Can infections cause osteoarthritis?

Donna Hill Howes, RN
Family Practitioner

Joint infections may increase the risk for osteoarthritis, along with other factors such as repeated injuries, abnormal motions, trauma or other joint disorders. Infections can cause swelling and inflammation, further damaging a joint. Osteoarthritis caused from infections or these other causes is said to be "secondary osteoarthritis."

There are a number of risk factors and causes that can lead to osteoarthritis. Among those causes includes previous trauma, inflammation, obesity, metabolic disorders (such as thyroids disease and diabetes), and family history or genetics. Evidence has shown that previous infected joint (also called Septic Joint) can be a precursor to osteoarthritis. When a joint becomes infected, because of the increased amount of inflammation and release of many bio-molecules, it can result in damage to a particular bone structure; leading to osteoarthritis.

Infections and medical conditions can damage the joint, leading to inflammation and osteoarthritis (OA). Osteoarthritis that is caused by infection or injury is called secondary osteoarthritis.

Medical conditions that may cause OA include:

  • Bleeding disorders, such as hemophilia
  • Avascular necrosis, a disorder that blocks the blood supply near a joint
  • Chronic gout
Dr. Mehmet Oz, MD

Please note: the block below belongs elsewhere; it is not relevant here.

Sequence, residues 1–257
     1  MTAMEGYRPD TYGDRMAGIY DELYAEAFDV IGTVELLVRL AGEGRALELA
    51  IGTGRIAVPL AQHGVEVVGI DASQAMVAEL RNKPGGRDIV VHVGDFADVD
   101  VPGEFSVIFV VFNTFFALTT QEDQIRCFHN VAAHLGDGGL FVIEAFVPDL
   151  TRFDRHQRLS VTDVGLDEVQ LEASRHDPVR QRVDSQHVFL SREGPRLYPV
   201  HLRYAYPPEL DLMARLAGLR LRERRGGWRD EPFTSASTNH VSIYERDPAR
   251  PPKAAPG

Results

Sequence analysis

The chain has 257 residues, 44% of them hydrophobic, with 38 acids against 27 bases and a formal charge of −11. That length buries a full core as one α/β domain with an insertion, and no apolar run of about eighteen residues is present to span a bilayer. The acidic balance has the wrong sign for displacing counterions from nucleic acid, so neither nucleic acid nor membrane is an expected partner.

Cardiologist (Heart Specialist)

Septic arthritis, or an infection in a joint, can cause intense pain and swelling, and can damage the joint enough that it eventually develops osteoarthritis (OA). Fortunately, septic arthritis is rare. It's also so painful that it will probably send you to the doctor or emergency room quickly. This is good, because if septic arthritis is treated promptly (often with antibiotics), it usually clears up completely and does not cause any permanent damage.

An infection somewhere else in your body (not in a joint) can cause reactive arthritis, also known as Reiter's syndrome. In addition to joint pain and swelling, reactive arthritis can cause conjunctivitis (redness and swelling in the eyes) and urinary tract inflammation (urethritis). Reactive arthritis is usually caused by an infection with the bacterium chlamydia. The symptoms usually last 3-12 months. But for some people, the symptoms don't go away, or they go away and come back. Long-term reactive arthritis can lead to joint damage that can lead to OA.

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Important: This content reflects information from various individuals and organizations and may offer alternative or opposing points of view. It should not be used for medical advice, diagnosis or treatment. As always, you should consult with your healthcare provider about your specific health needs.